A challenge to the Hera antagonists

June 20, 1997

Temperate criticism is not usually the hallmark of Association of University Teachers and Natfhe, the college lecturers' union. When Jill Jones and Alan Carr (THES letters, June 13) argue that "existing salary structures for academic and academic-related staff are seriously flawed, fail to meet elementary equal opportunities criteria and are open to challenge on the basis of equal pay for work of equal value", I am astonished at their moderation.

They could have pointed out that this might be true of all the pay structures in higher education, including those for clinical academics, technicians and clerical and manual staff. They missed the opportunity to remind your readers that, following the brave, 11-year campaign by Susan Enderby and her union, MSF, it is established case law that pay structures must meet the equal value criteria across the whole range of staff employed by any one organisation. They also forgot to say that an industrial tribunal called upon to adjudicate on an equal pay claim will appoint an independent job evaluation expert to advise it.

Universities and colleges are doubtful that the existing pay structures meet the equal value requirement. That is why 110 of them have joined a consortium to find a way of comparing jobs from porter to professor.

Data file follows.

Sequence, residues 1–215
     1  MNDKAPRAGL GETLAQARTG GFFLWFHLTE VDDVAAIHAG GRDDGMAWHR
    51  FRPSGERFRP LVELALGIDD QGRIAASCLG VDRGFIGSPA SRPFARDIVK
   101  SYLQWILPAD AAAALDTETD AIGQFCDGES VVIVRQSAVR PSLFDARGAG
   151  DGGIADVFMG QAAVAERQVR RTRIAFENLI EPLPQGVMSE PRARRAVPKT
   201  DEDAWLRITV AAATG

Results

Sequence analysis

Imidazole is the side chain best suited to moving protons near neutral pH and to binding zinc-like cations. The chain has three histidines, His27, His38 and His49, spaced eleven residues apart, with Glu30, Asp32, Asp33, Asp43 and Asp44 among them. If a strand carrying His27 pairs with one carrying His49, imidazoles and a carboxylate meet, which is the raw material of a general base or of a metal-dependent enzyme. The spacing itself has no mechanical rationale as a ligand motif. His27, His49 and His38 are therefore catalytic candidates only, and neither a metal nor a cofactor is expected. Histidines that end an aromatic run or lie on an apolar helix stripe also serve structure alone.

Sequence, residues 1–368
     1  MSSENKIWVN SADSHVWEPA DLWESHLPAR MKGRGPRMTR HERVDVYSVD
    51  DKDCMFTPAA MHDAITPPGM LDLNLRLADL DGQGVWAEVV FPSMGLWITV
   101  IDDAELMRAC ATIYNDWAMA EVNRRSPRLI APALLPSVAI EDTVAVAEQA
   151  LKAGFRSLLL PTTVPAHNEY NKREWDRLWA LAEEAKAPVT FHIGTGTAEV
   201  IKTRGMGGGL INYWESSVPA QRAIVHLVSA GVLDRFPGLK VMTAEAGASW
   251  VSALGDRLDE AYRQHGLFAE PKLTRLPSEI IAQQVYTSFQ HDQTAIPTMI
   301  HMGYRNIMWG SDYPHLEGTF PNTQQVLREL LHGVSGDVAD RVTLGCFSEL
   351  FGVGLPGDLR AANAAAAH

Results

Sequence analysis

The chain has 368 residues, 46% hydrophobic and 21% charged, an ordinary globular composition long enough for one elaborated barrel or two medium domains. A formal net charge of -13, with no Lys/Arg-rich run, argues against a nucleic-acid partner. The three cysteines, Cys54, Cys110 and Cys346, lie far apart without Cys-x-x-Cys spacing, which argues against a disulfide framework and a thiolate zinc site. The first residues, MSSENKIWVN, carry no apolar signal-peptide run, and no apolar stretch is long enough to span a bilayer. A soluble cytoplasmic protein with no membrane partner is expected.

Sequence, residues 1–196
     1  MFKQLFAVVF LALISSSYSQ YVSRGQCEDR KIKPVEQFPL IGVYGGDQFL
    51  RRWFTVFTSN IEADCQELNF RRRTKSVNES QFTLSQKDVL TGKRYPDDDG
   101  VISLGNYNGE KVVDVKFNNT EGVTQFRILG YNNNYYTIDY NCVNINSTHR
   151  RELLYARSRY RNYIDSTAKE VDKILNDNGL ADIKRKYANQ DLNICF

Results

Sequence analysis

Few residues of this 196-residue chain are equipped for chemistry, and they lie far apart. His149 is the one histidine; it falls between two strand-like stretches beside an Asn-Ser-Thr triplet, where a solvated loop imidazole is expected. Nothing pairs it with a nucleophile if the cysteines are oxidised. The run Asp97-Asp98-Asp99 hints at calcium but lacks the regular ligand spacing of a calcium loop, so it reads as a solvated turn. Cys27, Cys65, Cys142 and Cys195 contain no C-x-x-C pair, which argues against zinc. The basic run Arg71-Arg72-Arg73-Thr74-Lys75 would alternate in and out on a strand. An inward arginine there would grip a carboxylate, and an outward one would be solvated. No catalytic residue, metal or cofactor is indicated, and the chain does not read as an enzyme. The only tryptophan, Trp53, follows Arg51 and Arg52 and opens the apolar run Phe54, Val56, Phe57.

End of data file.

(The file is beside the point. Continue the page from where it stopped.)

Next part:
The product of this work, Higher Education Role Analysis (Hera) is not a "mechanistic analysis of tasks" as Jones and Carr claim but a tool for analysing the factors and behavioural competencies (skills, knowledge, aptitudes and work strategies) which people bring to their jobs. It was developed with the help of more than 2,000 staff in more than 60 institutions and of Towers Perrin, a leading-edge management consultancy. So far, 300 staff, including many academics, have helped to analyse their own jobs using the Hera questionnaire and every single one felt that Hera covered all aspects of their jobs.

The development was also greatly influenced by more than 15 consultative meetings with AUT and Natfhe representatives as well as representatives of the other eight recognised unions. The unions have played a major part. All of them have adopted a cautious wait-and-see approach until now. They have wanted to see Hera in action before giving it their support. What has changed?

There is certainly no plan to impose the use of Hera in every university and college. No one has or wishes to have such power and, if they did, institutions would take no notice. Rather, the consortium has invited all the trade unions to join it in conducting a large-scale pilot test of Hera in six volunteer institutions.

Only when that is complete will it be possible to see whether the existing pay structures, which are the product of history and not planning, are fair, just and equitable. If they seem to be none of these then reform would be essential if universities and colleges are to avoid a spate of equal value claims. The reform would have to be brought about by negotiation with the trade unions.

I make them a fair offer. The consortium will organise a seminar for AUT and Natfhe branch officers at which the whole Hera scheme will be demonstrated and questions can be put and answered. Surely that is better, and academically more respectable, than the "verdict first, trial later" approach which seems to be their present attitude.

Stephen Rouse Chief executive Universities and Colleges Employers' Association

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